Food Additives to Avoid #3
In our quest to find common food additives that should be avoided, we have taken a look at MSG and food coloring. Our journey continues today with a look at those things that have directly replaced fermentation in modern American life. Keep reading as Andrew enlightens us on other harmful, yet ubiquitous, food additives.
Posted by Andrew
Fermentation is a completely natural method of food preservation that has been used for thousands of years that actually increases the healthfulness of food. Yet, we have replaced that health-bolstering preservation process with easy-to-add chemicals that have a whole host of detrimental effects on the human body. So, let’s take a look at just a few of them and what the research has to say about them.
Food Additives to Avoid
Oh, acronyms! What secrets are you trying to hide from us in your innocent-looking strings of letters? What do you really mean? BHT and BHA stand for Butylated Hydroxytulene and Butylated Hydroxyanisole, respectively. Hmm..these real names sound a bit less like something I want to put in my body.
I group these two food additives together because they both perform the same basic function in food: prevent lipids (like fats and oils) from going bad. These fats oxidize (react with oxygen in the air) and go rancid. But is that really all that they do? Sadly, no, if you believe the research. Nobuyuki Ito and his colleagues found that these two compounds were either carcinogenic or increased the growth of tumors in various organs across the body in rats. The negative effects of BHT were focused on the stomach and bladder, while BHA targeted the bladder and thyroid. Their original article published in the Critical Reviews in Toxicology journal can be found here.
Sulfur dioxide is a common preservative in many sorts of plant-based products – dried fruits like raisins and apricots, fruit juices, wine, concentrates, syrups, and sulfured molasses. It is a toxic gas that is used to treat plant-based foods specifically because it can kill the microbes that cause spoilage on the surface of those foods. It also helps retain the original colors of the fruits and vegetables as they dry which helps them look more appealing to consumers.
Most people will be able to eat foods treated with sulfur dioxide and not notice any immediately observable problem. However, one group of individuals often react to this chemical – asthmatics. A study published way back in 1977 by B. J. Freedman in Clinical and Experimental Allergy reports on the link between consumption of sulfur dioxide and a worsening of asthma symptoms in those individuals with asthma. Fourteen subjects were given an orange drink – which should be noted also always contains sulfur dioxide – and eight of those were stricken with worsening asthma symptoms. The original report can be found here.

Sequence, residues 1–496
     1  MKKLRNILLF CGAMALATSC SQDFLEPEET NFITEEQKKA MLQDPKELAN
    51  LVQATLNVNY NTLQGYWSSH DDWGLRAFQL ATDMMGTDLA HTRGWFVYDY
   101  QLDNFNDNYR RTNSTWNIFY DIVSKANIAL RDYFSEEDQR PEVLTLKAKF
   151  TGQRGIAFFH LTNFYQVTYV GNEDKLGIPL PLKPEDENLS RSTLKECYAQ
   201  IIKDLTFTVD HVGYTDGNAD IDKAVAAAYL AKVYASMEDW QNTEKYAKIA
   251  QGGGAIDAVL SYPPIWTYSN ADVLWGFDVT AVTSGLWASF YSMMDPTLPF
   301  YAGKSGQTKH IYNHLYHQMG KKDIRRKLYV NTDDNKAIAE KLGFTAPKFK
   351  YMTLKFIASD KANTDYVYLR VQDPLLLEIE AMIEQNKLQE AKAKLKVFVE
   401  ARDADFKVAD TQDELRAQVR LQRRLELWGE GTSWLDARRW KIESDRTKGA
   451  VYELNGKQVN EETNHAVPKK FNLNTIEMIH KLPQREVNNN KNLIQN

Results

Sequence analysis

The final preservative that we will look at today is sodium nitrite – a common additive to preserved meats and fish. Take a look at the ingredient list of beef or turkey jerky, hot dog, bacon, or your favorite lunch meat, and you are bound to find this chemical. It is added in order to give these meat products their pleasing color and to help prevent any sort of microbial growth and retard spoilage.
However, bacteria is not the only thing that does not get along with this chemical; it has been found that this additive does not react well with your body, either. Sherif and Al-Gayyar reported in the July-September issue of the European Cytokine Network that sodium nitrite caused several-fold increases in many different forms of oxidative stress in the body. This oxidative stress caused particular damage to the liver – a vital organ necessary to correct function in the human body. As if that was not enough, they also noticed that DNA damage was increased in the group fed sodium nitrite.
These are only a few of the myriad preservatives that you will find in your foods. Tocopherols (vitamin E), ascorbic acid (vitamin C), sugar, and salt, are all more natural things that are being used as preservatives. However, a whole article could be written on the health problems associated with having too much sugar or salt in the diet. So in the end, I ask the same question: if you have the option of preserving your food using a method that has been used for thousands of years and actually increases the healthfulness of the food, why wouldn’t you choose that method? Fermentation is the way to go!
If you are just beginning your fermentation journey, you need the proper tools. Fermentools lids to fit Mason jars are made in North America from non-toxic materials (stainless steel and glass). Visit the Fermentools store to get your Starter Kit, today.
Andrew and Michelle are the new owners of a 12-acre homestead in rural America. They are just embarking on this journey that is far removed from their city-life upbringing, so they realize that they have a lot to learn in order to succeed in this new place.Come along with them and read more about what they learn as they make this transition at their blog Simple Life Homestead.